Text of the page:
ZOOM+Care Annnounces ACO Partnership With Aetna
Portland-based ZOOM+Care is dipping its toe back into the world of health insurance through a partnership with Aetna that will target large, cost-conscious employers – fulfilling a prophecy the Portland-based healthcare innovator’s founders made last year after shutting down their small-business and individual insurance operations.
This time around, Zoom will not be acting as insurer. Instead, co-founder Dave Sanders told The Lund Report, the company is creating an accountable care organization with Aetna, using principles similar to those that underpin Medicaid-backed coordinated care organizations to serve the private sector. Zoom’s reimbursements will be based, in part, on quality, efficiency and patient-satisfaction metrics.
Aetna will operate the insurance and self-insured side of the new Aetna Whole Health ZOOM+Care plan in the three Oregon counties where it will be offered – Multnomah, Clackamas and Washington.
ZOOM+Care, meanwhile, will be charged with using data, medical insight and care coordination as it is reimbursed via a capitation model.
“Can you bring together local delivery systems with insurers in a seamless offering to drive better results? That’s what we are trying to do here, versus having a fragmented network approach with different players,” Sanders said.
Members enrolled in the plan will be able to use Zoom telemedicine services at no charge to consult with medical providers. They will then have a co-pay when obtaining access to the full network of 36 neighborhood Zoom clinics, including a kind of “emergency-lite” offering for people who need faster response than urgent care but less infrastructure than a full hospital-affiliated infrastructure. And through a partnership with Legacy Health, they will be able to access additional specialists and hospital care when Zoom’s resources are not adequate.
The appeal to employers, meanwhile, is Zoom’s promise that its care coordination and focus on telemedicine will hold down costs, and that lower overhead at neighborhood clinics will also provide savings. The company forecasts that the Zoom-Aetna health plan could potentially cost 15 percent less than comparable Aetna plans in the metro area.
Aetna’s decision to partner with Zoom fits into a broader overall strategy by the Connecticut-based insurance giant, which covers 38 million people nationwide. Aetna has been forming regional and local plans and partnerships with healthcare groups in communities across the country, such as Banner Health in Arizona and Duke in University.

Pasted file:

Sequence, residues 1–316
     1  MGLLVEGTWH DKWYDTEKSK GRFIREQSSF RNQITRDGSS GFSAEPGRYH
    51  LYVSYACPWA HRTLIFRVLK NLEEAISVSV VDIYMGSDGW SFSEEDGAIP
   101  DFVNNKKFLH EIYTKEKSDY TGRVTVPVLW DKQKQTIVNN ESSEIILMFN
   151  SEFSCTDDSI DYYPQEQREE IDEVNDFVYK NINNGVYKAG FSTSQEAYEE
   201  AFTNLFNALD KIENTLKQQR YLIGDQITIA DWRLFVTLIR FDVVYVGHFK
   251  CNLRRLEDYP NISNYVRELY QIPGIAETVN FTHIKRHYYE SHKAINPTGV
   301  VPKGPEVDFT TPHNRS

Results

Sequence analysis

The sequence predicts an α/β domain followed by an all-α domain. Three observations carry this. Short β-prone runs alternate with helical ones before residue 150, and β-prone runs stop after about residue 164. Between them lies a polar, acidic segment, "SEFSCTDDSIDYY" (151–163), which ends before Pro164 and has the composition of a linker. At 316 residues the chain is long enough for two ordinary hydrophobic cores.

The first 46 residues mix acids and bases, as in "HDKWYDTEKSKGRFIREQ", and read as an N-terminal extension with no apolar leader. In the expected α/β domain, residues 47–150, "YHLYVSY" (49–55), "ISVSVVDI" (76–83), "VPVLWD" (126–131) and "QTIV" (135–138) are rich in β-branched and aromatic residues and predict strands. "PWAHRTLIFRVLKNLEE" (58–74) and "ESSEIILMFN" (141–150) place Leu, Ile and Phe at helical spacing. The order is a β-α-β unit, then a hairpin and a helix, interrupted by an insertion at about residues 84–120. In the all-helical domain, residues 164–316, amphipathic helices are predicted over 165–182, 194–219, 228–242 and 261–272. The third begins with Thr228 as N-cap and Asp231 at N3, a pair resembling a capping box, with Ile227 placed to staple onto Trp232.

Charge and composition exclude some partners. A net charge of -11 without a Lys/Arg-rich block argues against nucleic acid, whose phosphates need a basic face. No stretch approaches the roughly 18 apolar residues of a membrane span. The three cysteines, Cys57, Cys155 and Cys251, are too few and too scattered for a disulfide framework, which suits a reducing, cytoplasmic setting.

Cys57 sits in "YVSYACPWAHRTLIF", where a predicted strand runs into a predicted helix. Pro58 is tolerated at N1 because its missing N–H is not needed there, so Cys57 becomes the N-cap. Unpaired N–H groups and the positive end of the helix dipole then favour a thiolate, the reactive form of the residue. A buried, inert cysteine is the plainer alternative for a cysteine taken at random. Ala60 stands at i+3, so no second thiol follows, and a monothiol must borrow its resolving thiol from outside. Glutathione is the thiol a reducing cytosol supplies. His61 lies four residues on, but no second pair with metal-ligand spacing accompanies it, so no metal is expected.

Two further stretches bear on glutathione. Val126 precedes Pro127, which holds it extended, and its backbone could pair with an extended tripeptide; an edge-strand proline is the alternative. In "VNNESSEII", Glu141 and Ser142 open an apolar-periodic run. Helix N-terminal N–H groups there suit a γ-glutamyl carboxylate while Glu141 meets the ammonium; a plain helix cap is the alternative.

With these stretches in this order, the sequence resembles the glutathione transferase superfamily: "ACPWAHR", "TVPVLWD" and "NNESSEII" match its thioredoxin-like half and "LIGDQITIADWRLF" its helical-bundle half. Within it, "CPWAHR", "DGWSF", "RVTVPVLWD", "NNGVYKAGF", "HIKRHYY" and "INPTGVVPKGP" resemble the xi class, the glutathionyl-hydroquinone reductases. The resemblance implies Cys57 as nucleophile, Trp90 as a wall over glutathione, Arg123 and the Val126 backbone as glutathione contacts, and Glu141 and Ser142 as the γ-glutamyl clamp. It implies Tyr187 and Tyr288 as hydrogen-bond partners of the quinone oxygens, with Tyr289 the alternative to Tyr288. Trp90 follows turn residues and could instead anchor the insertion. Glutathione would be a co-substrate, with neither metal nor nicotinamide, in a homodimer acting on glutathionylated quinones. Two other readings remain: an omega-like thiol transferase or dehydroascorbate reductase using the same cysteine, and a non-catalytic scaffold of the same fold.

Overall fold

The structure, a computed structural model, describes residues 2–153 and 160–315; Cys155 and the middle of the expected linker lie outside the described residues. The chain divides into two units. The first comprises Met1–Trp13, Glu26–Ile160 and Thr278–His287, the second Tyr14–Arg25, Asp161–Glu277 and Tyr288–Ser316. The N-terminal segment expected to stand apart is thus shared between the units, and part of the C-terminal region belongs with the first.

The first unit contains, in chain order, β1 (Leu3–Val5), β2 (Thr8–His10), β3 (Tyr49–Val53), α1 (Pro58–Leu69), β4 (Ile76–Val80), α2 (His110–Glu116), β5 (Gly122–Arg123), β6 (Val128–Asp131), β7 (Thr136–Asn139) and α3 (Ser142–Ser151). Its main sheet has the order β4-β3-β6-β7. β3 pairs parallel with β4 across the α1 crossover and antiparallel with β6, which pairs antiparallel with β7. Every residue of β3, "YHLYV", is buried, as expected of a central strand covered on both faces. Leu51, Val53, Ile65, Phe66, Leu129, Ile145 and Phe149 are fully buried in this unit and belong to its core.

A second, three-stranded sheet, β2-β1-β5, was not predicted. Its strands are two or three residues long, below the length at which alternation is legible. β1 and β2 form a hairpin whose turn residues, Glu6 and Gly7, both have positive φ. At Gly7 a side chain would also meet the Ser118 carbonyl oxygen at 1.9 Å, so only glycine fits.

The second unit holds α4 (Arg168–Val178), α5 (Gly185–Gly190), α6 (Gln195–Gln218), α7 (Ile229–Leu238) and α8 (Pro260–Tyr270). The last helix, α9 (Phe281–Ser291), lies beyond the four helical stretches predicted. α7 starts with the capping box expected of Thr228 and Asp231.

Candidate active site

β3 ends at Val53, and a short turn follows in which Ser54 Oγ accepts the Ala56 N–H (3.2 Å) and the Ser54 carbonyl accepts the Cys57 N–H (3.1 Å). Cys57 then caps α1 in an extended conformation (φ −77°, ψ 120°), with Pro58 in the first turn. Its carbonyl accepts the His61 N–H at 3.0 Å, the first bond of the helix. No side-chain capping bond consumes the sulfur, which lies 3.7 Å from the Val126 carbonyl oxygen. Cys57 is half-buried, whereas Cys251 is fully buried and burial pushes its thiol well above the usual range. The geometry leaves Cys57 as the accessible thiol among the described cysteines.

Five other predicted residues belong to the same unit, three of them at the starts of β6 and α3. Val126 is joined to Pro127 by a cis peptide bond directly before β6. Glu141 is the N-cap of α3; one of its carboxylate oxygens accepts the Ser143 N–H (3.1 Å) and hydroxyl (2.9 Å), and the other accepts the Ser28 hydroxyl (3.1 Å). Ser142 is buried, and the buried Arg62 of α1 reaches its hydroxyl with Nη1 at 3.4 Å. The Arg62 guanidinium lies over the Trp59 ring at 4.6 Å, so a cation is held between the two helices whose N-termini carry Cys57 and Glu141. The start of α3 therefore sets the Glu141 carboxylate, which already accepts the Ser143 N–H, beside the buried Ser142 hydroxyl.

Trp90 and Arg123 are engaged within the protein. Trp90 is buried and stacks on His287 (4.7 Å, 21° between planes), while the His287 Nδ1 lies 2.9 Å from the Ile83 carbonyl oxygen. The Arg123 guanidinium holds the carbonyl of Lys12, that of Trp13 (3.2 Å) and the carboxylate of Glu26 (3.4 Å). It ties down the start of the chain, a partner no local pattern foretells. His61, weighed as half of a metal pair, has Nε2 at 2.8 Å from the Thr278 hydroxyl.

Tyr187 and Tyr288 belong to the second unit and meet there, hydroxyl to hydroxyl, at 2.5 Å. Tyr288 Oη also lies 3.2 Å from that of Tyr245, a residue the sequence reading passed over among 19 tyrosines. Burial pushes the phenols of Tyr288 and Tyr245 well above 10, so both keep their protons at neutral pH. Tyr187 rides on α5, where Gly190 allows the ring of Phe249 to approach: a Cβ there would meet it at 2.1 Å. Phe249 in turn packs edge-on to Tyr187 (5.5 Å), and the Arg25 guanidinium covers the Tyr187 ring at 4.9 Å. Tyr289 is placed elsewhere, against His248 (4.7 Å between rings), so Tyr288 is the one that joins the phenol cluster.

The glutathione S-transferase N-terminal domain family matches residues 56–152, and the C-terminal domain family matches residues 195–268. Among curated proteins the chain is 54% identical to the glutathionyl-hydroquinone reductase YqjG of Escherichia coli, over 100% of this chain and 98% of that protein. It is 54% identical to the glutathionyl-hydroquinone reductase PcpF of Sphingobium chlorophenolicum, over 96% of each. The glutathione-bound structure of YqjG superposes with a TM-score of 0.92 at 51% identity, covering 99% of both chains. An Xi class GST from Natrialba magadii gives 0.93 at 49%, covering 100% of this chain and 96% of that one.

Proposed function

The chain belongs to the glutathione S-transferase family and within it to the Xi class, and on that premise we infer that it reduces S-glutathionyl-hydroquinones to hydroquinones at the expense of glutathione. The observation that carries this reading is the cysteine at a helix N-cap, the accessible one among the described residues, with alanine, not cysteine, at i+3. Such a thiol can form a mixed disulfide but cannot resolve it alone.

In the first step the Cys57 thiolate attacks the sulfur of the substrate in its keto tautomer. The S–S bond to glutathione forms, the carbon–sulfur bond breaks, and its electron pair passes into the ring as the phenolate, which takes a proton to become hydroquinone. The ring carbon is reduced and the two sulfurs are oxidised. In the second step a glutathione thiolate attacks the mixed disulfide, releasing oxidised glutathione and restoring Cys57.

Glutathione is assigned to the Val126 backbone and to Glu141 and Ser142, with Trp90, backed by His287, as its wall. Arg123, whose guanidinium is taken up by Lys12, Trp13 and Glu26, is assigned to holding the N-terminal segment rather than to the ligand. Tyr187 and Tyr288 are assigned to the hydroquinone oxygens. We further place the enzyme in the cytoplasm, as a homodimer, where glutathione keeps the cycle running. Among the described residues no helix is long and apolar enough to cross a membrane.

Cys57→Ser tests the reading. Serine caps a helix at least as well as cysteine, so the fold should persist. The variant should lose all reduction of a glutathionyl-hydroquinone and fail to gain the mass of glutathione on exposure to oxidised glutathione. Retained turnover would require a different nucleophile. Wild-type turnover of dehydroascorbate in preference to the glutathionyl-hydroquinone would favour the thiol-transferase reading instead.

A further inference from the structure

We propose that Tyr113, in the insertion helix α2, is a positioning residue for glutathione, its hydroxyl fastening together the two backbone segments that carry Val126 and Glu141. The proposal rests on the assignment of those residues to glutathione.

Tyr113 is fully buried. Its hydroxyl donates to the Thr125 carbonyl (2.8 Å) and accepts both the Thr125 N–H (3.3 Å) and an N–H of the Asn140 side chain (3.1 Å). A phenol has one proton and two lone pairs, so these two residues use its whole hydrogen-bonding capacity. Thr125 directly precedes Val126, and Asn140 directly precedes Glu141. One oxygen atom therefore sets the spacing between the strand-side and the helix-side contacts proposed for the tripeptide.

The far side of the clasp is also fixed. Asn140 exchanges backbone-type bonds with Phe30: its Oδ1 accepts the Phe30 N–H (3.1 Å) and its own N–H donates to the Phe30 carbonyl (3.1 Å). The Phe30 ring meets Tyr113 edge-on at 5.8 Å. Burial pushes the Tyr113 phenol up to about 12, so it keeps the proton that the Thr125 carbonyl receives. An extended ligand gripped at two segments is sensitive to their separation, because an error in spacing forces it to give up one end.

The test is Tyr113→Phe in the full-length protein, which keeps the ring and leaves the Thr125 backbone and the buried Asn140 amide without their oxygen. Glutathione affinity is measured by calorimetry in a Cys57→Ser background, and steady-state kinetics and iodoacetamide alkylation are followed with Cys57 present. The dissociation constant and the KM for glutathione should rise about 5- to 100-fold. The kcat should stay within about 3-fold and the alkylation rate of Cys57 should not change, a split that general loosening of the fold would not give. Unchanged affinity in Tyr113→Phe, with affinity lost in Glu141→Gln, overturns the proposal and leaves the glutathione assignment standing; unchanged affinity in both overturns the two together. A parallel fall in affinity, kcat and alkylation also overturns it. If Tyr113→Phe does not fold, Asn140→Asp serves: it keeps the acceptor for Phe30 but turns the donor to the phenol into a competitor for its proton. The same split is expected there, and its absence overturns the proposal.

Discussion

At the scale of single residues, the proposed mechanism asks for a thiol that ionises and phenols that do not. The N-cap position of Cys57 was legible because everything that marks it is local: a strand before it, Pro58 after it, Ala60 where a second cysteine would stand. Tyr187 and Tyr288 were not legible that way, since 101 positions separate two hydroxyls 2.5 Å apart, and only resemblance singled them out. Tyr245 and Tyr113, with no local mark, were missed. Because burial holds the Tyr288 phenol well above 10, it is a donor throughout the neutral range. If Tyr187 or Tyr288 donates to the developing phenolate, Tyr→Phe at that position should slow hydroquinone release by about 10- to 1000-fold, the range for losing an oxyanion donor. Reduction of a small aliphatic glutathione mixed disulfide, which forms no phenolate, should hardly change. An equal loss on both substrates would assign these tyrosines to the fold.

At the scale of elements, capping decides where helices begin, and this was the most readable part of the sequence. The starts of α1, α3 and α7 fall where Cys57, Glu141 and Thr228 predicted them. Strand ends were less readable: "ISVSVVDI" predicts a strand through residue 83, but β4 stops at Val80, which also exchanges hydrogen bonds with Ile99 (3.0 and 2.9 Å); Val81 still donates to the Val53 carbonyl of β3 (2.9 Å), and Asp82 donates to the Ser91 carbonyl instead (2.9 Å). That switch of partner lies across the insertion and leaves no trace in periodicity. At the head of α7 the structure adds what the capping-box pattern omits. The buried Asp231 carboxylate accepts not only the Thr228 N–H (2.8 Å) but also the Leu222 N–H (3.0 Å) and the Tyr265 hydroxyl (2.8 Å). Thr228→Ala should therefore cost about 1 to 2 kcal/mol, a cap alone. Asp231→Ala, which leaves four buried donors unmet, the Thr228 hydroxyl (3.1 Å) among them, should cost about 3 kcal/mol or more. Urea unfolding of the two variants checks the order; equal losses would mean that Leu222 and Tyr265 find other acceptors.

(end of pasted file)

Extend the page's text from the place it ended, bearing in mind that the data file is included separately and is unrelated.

"Aetna is pleased to work with ZOOM+Care to provide a simpler and more efficient healthcare experience for our members in Oregon," Norm Seabrooks, president of Aetna Northwest, said in a statement.
Zoom previously attempted to enter the individual and small-business insurance market, but struggled nearly from the start, and last year fully shut down operations after being fined by regulators over its bookkeeping. At the time, the company's founders hinted that they were not giving up on the insurance market altogether.
(Zoom spokesman Len Bergstein characterized the situation differently."We exited the health insurance market and then the state sued us over conflicting interpretations of accounting rules," he said in an email. "The matter was fully settled by mutual agreement, with the state imposing fines for late filing."
The company was already negotiation with Aetna as that unfolded, Sanders said this week.
“All these things happened last year and I kept saying, ‘Are we still in? Are we still in?’ And they’d say, ‘Yeah, we are with you,” Sanders recalled. Likewise, he expressed gratitude to Legacy Health leaders for continuing to partner with Zoom even after a turbulent 2017.
Aetna will begin offering quotes for its Zoom-branded plans on May 1, with coverage available starting July 1.
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